Editor's note: News about conservation and the environment is made every day, but some of it can fly under the radar. In a recurring feature, Conservation News shares three stories from the past week that you should know about.
Coral reefs are at risk due to a disease outbreak.
The story: A lethal disease known as stony coral tissue loss is devastating coral colonies across Florida’s coast and much of the northern Caribbean. Likely caused by bacteria or a virus, the disease spreads through water currents and on the bottoms of shipping vessels, reports Douglas Main for National Geographic. It can infect and kill at least 22 coral species, including slow-growing and reef-building corals — which build up massive layers of calcium carbonate and help form fully functioning reef ecosystems.
“Colonies that took hundreds of years to grow can be wiped out in a matter of weeks,” marine ecologist Craig Dahlgren told National Geographic.
The big picture: The stony coral tissue loss disease outbreak could put even more pressure on Caribbean corals, which are already severly threatened by climate change, experts say. However, humans are also to blame: A recent study revealed that two crucial coral species in the Caribbean started declining decades before climate change began impacting the world’s oceans — showing that overfishing and coastal development can have drastic impacts on coral reefs.
“Local human activities such as overfishing and coastal development have been weakening coral reef health for quite some time,” said Katie Cramer, Conservation International’s ocean science fellow and the study’s lead author. “Local actions matter for the future of coral reefs. The best way to help them cope with the intensifying impacts of ocean warming is to reduce these other stressors affecting them.”
Indigenous knowledge could help communities in India adapt to climate change.
The story: Northeastern India is one of the wettest regions on Earth, and climate change has only made rainfall more intense, leading to severe flooding. Fortunately, some Indigenous communities are cultivating “Jingkieng Jri” — living root bridges which allow people to pass over flooded rivers and ravines after rainstorms, reports Zinara Rathnayake for BBC.
The bridges are created by planting and weaving the aerial roots of fig trees onto a bamboo scaffolding, which creates a dense frame-like structure. Not only are these bridges more cost-effective and durable than cement alternatives, they also prevent mudslides by stabilizing the soil and provide habitats for local wildlife.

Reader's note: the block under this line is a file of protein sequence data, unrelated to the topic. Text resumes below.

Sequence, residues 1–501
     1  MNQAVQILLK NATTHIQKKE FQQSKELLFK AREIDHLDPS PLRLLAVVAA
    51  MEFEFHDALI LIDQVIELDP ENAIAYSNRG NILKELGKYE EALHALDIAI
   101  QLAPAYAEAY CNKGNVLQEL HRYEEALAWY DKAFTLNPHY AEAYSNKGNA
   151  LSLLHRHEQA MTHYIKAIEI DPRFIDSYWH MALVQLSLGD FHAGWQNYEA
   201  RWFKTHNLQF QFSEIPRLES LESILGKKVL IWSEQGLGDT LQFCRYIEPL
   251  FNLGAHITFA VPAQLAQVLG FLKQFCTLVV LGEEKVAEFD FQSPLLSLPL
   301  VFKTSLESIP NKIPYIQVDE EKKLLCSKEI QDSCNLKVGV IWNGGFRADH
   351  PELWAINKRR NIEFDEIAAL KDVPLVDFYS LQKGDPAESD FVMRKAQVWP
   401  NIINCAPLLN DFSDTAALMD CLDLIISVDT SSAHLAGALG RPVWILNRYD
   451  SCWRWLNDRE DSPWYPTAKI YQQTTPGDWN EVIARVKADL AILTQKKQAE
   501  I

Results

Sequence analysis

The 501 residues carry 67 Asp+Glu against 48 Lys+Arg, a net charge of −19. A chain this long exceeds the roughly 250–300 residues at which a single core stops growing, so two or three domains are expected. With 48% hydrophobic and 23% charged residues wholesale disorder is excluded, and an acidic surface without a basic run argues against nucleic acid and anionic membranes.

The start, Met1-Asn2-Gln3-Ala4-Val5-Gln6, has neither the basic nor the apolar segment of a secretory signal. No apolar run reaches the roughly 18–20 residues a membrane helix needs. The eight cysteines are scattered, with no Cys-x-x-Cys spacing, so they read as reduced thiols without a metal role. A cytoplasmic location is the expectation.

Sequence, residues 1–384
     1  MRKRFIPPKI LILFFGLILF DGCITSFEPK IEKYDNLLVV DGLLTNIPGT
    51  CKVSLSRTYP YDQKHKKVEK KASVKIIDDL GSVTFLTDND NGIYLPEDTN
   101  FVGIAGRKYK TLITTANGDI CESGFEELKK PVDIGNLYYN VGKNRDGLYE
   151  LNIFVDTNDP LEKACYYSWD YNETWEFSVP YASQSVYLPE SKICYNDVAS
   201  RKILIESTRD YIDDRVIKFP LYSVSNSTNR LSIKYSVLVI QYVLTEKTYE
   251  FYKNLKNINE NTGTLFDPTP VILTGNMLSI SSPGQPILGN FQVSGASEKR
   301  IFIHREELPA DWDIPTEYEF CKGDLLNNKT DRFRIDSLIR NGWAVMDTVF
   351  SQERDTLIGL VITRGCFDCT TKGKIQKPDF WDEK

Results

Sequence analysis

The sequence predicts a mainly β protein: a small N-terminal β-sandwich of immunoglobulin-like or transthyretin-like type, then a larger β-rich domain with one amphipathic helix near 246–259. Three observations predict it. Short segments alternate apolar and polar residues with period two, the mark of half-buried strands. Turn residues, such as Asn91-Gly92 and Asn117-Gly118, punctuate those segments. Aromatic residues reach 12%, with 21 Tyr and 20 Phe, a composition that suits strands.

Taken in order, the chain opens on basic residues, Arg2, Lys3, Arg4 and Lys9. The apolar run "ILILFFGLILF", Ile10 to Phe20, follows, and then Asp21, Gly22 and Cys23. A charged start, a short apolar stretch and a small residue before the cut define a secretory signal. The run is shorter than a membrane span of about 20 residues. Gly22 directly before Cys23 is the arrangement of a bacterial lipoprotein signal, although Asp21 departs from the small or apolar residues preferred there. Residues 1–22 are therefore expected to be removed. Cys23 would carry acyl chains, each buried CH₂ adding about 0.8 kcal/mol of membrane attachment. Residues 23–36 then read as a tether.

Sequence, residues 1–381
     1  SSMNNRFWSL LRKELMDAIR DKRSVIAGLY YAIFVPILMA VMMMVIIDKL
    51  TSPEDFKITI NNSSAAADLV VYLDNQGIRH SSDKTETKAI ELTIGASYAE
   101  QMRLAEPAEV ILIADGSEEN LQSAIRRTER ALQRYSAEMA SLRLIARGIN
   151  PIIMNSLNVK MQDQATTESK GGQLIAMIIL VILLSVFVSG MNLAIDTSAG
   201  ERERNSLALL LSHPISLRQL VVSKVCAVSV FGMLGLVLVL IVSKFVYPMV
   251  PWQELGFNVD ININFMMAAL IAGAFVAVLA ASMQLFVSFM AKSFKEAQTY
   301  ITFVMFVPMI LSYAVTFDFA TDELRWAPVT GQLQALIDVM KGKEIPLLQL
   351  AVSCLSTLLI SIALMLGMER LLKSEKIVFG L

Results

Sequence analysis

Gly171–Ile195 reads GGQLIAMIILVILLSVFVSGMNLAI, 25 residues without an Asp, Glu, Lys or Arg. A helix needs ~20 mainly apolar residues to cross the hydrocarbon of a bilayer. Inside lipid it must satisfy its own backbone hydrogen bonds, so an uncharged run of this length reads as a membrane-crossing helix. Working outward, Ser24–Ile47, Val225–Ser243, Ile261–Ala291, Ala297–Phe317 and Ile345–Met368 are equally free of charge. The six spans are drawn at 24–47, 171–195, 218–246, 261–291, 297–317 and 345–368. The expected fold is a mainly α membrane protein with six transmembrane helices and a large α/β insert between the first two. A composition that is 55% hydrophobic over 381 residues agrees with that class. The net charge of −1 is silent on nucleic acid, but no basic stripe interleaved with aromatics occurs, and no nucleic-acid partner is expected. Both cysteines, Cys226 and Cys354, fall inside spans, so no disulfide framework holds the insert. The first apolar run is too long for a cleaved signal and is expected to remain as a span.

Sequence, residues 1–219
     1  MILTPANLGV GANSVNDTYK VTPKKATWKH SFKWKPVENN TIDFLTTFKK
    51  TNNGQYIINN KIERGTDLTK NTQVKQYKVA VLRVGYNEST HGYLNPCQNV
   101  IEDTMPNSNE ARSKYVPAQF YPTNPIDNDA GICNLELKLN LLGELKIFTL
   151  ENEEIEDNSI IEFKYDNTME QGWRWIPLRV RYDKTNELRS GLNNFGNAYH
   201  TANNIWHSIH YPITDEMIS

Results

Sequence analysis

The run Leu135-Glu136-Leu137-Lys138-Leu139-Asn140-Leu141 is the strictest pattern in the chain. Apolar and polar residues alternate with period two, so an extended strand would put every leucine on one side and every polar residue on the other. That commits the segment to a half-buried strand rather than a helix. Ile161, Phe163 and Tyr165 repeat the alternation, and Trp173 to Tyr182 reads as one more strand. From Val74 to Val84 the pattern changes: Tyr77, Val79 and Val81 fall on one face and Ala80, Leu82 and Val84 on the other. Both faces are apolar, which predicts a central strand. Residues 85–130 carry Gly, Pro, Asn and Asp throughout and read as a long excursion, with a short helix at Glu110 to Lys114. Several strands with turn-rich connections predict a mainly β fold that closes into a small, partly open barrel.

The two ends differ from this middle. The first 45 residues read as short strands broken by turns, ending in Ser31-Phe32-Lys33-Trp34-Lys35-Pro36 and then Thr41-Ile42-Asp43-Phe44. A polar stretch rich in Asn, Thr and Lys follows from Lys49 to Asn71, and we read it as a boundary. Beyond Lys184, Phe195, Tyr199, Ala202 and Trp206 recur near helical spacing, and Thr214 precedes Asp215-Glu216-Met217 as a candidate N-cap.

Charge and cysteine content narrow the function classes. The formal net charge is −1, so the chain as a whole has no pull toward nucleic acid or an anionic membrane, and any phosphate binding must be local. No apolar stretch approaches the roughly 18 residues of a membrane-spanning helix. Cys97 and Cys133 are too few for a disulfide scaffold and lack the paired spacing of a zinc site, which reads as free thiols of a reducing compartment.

The big picture: Natural infrastructure such as living root bridges can deliver the same protection against climate impacts as artificial infrastructure — such as seawalls and drainage systems — for half the cost, according to a new study.
In some cases, natural adaptation measures — including the restoration of coastal buffers such as seagrasses — can be combined with conventional structures such as concrete dams and seawalls. Conservation International is pioneering this approach — known as “green-gray infrastructure” — in the Philippines to help communities adapt to rising sea levels and fortify their coastlines against storms by increasing mangrove restoration efforts and building breakwaters.
The heart of the Amazon is under siege.
The story: According to new data, 13,235 square kilometers (5,100 square miles) of forest — an area nearly 17 times the size of New York City — have been lost in Brazil between August 2020 and July 2021, reports Jake Spring and Anthony Boadle for Reuters. The analysis shows a 22 percent rise in deforestation from the previous year, which scientists say is pushing the Amazon closer to its “tipping point,” after which it will lose the ability to generate rainfall and gradually transform into a dry savanna.
The big picture: Roughly 15 percent of the Amazon has been deforested so far; the tipping point could occur if a quarter of the forest is lost. At current deforestation rates, that could happen in 10 to 15 years, scientists predict.
Further, a new study found that the Amazon holds Earth’s largest reserve of irrecoverable carbon — defined as carbon that, if emitted into the atmosphere, could not be restored by 2050. However, if this ecosystem continues to be destroyed, that climate-warming carbon could be released, explained Juan Carlos Ledezma, a Conservation International technical specialist based in Bolivia.
“Increased deforestation will accelerate climate change, fueling higher temperatures and lower humidity in the Amazon. This could dry up this rainforest — and release the carbon it holds,” Ledezma explained. “Additionally, dry forests are more likely to catch fire, which would release even more carbon. It’s a dangerous feedback loop, which we must avoid.”
Cover image: French grunts, squirrelfish, blue tang and soft coral on a shallow reef. Shot in Exuma Cays Land and Sea Park, Bahamas (© Jeff Yonover)